(NBC) -- The bi-annual ritual of adjusting our clocks is upon us again.
Overnight Saturday into Sunday, we leave Daylight Saving and revert back to Standard Time.
Seeing how we're really just shifting time, some find it odd that we don't call it Daylight Shifting Time.
The name has been in place since early last century.
The concept for was first developed by founding father Benjamin Franklin back in 1784.
Franklin was in Paris at the time serving as an American diplomat.
"One day, he awakened early and he saw the sunlight shining through his window and he realized that if he and everyone else in Paris would wake up earlier, closer to sunrise, you could use the sun to light your house rather than expensive and smoky candles," explains Dr. David Prerau, author of "Seize the Daylight".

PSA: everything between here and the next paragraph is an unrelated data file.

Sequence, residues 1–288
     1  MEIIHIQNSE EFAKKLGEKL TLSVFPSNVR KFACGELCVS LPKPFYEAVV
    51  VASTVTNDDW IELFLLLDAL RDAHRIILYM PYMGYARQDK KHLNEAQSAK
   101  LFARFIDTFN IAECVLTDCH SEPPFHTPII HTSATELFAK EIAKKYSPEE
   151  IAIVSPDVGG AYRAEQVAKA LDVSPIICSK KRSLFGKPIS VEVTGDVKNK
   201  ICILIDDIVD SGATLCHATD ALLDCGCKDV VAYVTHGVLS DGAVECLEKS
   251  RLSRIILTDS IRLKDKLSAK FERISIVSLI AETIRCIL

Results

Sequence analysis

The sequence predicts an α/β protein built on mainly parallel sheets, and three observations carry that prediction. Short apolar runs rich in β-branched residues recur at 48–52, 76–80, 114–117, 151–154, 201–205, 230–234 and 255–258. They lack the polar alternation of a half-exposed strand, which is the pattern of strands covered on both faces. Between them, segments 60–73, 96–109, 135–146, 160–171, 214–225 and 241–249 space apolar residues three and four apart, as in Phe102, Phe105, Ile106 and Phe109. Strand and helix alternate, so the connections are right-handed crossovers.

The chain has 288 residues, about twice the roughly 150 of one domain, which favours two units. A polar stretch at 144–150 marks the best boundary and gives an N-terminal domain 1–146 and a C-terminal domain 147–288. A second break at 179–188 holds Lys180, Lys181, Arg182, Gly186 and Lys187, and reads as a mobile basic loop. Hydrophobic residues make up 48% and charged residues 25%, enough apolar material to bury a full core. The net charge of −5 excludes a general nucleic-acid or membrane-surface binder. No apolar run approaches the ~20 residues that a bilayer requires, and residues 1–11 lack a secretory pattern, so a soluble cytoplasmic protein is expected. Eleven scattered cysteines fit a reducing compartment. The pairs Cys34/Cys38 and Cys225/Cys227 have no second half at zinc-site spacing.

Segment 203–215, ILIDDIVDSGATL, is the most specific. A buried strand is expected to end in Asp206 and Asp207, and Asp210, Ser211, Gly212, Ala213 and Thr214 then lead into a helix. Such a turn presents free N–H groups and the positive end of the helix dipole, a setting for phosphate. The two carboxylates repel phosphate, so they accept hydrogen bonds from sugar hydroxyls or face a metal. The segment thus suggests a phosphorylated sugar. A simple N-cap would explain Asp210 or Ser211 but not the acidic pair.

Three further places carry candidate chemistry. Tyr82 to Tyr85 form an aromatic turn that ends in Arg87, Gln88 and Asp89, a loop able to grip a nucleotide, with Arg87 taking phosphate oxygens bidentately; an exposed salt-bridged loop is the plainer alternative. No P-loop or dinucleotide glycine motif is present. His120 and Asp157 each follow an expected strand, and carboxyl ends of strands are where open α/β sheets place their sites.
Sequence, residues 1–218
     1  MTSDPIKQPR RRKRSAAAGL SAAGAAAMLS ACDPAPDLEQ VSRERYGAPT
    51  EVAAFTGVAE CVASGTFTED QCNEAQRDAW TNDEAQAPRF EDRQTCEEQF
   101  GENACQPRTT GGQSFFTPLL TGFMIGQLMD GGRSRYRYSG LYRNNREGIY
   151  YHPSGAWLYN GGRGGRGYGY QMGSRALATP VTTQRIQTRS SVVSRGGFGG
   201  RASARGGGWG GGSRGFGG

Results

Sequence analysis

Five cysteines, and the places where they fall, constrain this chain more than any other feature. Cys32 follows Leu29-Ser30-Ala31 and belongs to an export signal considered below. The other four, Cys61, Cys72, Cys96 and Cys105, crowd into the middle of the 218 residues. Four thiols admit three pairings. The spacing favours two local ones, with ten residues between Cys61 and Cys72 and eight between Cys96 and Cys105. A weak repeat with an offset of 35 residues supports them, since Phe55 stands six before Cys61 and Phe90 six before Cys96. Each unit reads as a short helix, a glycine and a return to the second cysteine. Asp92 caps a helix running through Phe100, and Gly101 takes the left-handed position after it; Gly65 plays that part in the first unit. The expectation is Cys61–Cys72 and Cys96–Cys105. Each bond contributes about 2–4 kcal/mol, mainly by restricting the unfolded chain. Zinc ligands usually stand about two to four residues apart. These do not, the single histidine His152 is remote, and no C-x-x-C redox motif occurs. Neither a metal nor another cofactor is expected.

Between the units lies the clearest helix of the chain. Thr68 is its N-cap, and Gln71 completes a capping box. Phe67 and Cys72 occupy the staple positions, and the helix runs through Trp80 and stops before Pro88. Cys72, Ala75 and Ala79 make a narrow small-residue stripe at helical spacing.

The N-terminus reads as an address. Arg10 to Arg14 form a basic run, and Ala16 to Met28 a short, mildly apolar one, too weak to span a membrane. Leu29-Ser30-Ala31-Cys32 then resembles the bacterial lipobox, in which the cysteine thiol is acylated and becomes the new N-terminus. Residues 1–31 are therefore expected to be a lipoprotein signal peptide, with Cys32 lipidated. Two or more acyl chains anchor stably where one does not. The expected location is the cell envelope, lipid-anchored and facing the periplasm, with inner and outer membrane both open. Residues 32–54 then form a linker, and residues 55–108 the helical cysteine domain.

Franklin brought the idea back to the new world, but it never caught on until the lean years of World Wars One and Two when saving everything, including energy, was almost compulsory.
In 1966 Congress standardized the six-month period states could observe Daylight Saving Time, extended it in 1986 and again to nearly eight months in 2007.
None of this is of any interest to the people of Arizona, Hawaii, American Samoa, Guam, Puerto Rico, the Virgin Islands or the Northern Mariana Islands.
Those places don't observe Daylight Saving Time.